If you have read enough of my blogs, you probably know that I like to listen to The Daily. This week was no exception. Michael Barbaro interviewed New York Times correspondent, Matt Richtel, about his reporting on the national mental health crisis among adolescents. Although the information he presented is dismaying, I think it is important that we take notice. Of the many statistics presented, two that jumped out at me are that there has been a 60 percent increase since 2007 of adolescents who said they suffered a major depressive episode. Similarly, as compared to 2007, suicides among adolescents have risen by 60 percent.
Mr. Richtel interviewed pediatricians to get their perspective. One noted that in the 1990s, she was dealing with broken bones, ear infections, and other physical injuries, whereas now, more often than not, she is dealing with ADHD, depression, anxiety and other mental health conditions. She noted that she and other pediatricians are ill-equipped and ill-trained about mental health conditions because, historically, these were treated by psychiatrists and therapists. Now, however, it’s difficult to find mental health professionals, with appointments being scheduled four to six months in the future if one is so fortunate to find a professional that is taking on new patients. In 2019, the American Association of Pediatrics stated that “mental health disorders have surpassed physical conditions” as the main source of threats to adolescents.
As a parent of three adolescents, I find these statistics extremely troubling, and I want to understand why so many young people are afflicted with these illnesses as compared to 15 years ago. Although no one knows for sure, Mr. Richtel did provide some ideas that he gleaned from his investigation. He noted two potential inter-related causes. First, the age when young people are going through puberty now averages 12 whereas it used to be age 14. Second, he noted that, at the same time, brain development has not accelerated at the same pace, so these children struggle to regulate their emotions and cope with the changes that are happening to them. This struggle is exacerbated by the technological revolution which has increased the pace of everything.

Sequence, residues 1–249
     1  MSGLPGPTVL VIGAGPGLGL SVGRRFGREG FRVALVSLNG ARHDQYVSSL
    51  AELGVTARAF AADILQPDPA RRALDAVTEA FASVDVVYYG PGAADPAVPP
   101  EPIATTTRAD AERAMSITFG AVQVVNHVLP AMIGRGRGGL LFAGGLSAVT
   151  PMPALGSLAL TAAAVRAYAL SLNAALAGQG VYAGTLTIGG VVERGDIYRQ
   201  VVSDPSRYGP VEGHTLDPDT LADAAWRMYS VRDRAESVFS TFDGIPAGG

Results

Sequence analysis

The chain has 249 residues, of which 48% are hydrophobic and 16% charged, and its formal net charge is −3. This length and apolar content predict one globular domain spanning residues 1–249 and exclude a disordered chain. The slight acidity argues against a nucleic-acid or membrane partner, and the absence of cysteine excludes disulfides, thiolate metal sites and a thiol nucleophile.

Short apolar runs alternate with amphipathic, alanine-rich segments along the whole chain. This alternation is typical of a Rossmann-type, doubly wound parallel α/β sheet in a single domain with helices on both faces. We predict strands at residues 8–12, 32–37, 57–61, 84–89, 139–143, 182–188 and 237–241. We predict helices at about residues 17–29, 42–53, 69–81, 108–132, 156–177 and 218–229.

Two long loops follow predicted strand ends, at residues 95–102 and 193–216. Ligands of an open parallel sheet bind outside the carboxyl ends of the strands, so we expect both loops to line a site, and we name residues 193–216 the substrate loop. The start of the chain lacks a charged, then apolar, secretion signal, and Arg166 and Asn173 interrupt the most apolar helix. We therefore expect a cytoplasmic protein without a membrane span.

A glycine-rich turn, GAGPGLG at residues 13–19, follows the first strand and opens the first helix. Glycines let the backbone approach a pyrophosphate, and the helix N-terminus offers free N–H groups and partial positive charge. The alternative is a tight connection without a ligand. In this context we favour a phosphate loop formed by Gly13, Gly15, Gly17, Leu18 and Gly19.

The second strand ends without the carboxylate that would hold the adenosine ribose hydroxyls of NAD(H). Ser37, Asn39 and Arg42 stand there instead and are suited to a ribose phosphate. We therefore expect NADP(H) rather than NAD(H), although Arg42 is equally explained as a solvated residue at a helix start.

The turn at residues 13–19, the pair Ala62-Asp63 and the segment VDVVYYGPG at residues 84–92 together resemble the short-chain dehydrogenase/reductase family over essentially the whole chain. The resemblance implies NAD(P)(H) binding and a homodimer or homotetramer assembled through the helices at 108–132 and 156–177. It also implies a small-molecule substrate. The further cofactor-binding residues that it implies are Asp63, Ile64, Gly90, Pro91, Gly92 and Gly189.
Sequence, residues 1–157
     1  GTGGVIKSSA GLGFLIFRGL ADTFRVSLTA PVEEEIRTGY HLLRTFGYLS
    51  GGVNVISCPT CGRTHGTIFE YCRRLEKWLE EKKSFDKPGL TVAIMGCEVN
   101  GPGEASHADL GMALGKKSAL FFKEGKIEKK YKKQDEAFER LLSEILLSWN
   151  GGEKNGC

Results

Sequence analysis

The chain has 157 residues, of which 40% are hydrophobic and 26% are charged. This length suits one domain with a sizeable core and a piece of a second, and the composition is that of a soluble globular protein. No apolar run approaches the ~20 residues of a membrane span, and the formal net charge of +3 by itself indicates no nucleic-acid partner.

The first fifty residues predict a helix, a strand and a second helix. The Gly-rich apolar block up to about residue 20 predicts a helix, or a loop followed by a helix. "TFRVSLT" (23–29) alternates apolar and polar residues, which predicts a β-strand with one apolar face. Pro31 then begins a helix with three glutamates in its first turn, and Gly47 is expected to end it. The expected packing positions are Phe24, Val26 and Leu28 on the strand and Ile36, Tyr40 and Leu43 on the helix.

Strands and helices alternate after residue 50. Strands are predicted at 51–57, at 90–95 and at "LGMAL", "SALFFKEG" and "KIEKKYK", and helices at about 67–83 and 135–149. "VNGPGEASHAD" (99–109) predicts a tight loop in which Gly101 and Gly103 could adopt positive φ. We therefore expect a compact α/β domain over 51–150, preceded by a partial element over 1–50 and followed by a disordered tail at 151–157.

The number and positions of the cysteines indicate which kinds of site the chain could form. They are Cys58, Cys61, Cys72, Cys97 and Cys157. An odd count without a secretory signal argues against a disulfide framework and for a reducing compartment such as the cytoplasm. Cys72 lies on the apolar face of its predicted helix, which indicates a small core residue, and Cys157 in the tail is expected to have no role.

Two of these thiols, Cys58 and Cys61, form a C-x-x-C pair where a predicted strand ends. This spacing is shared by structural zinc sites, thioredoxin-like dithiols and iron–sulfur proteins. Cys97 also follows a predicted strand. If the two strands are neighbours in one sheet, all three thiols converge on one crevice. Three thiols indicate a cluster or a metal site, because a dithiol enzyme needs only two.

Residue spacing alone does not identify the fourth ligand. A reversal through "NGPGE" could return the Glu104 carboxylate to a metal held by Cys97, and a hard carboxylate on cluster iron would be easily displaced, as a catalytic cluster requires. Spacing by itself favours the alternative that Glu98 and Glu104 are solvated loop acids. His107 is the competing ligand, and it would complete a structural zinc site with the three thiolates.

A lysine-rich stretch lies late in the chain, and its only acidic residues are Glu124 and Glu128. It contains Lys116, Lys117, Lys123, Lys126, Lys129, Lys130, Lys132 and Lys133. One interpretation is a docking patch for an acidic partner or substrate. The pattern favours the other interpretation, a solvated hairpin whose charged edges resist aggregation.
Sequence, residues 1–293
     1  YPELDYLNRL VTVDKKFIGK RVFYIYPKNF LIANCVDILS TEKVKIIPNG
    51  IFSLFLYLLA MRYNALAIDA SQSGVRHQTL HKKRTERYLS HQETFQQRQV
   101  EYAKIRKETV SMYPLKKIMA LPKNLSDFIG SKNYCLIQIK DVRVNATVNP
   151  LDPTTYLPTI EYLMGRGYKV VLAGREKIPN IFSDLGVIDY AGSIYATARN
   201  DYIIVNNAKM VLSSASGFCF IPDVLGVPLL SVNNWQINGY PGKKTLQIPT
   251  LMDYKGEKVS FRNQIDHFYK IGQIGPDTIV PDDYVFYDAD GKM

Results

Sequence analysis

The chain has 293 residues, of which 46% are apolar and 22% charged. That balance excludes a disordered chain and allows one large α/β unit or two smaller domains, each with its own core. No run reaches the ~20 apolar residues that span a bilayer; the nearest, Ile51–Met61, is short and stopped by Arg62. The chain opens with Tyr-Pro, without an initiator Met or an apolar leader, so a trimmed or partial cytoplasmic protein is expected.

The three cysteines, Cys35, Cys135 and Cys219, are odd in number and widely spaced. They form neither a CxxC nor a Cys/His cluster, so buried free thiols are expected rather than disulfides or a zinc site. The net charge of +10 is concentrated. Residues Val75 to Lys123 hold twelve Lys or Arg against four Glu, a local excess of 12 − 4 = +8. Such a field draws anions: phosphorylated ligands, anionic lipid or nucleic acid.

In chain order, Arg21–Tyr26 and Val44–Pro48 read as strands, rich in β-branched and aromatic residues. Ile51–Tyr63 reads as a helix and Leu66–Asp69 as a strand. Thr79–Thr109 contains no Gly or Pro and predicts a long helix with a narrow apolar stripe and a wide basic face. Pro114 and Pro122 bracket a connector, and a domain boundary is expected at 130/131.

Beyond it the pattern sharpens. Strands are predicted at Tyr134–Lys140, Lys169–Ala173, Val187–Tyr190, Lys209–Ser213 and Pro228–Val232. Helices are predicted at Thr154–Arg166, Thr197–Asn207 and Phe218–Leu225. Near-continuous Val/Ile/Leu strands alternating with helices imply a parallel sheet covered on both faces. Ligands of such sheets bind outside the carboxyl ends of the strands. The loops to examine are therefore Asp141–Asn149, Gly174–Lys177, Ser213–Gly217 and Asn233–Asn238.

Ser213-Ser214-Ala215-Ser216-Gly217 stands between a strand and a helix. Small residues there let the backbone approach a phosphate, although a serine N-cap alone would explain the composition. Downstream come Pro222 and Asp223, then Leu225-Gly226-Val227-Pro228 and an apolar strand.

Anyone who knows teenagers understands that these kids spend a lot of time on social media and the internet. For them, it seems to be an attempt to escape from the stresses and pressures in their lives. But the amount of information, good, bad and scary, that bombards these kids, overstimulates their brains, and creates more anxiety as opposed to relief. I know that the topics that my kids discuss have a level of seriousness well beyond what I thought about as a teenager.
It’s clear that there are not enough resources to deal with all of the people suffering from mental health issues. I was talking to a friend today who served in Iraq and has researched PTSD. He noted that the impact of the traumas to which adolescents are exposed are not that different from the PTSD which affects soldiers returning home. And he believes that the same treatments that are effective for treating PTSD can be effective for helping our youth. While this problem is daunting, there are some promising treatments such as cognitive behavioral therapy that helps teens to better regulate their emotions and cope with what they are feeling.
For those with a friend or relative who is suffering, supporting them and being aware that there are treatments is a step in the right direction. But, as a society, there’s more work to do to help those who are struggling.
Take care and stay safe.
The Last White Man: A Novel by Mohsin HamidOne morning, a man wakes up to find himself transformed. Overnight, Anders’s skin has turned dark, and the reflection in the mirror seems a stranger to him. At first he shares his secret only with Oona, an old friend turned new lover. Soon, reports of similar events begin to surface. Across the land, people are awakening in new incarnations, uncertain how their neighbors, friends, and family will greet them. Some see the transformations as the long-dreaded overturning of the established order that must be resisted to a bitter end. In many, like Anders’s father and Oona’s mother, a sense of profound loss and unease wars with profound love. As the bond between Anders and Oona deepens, change takes on a different shading: a chance at a kind of rebirth--an opportunity to see ourselves, face to face, anew. In Mohsin Hamid’s “lyrical and urgent” prose (O Magazine), The Last White Man powerfully uplifts our capacity for empathy and the transcendence over bigotry, fear, and anger it can achieve.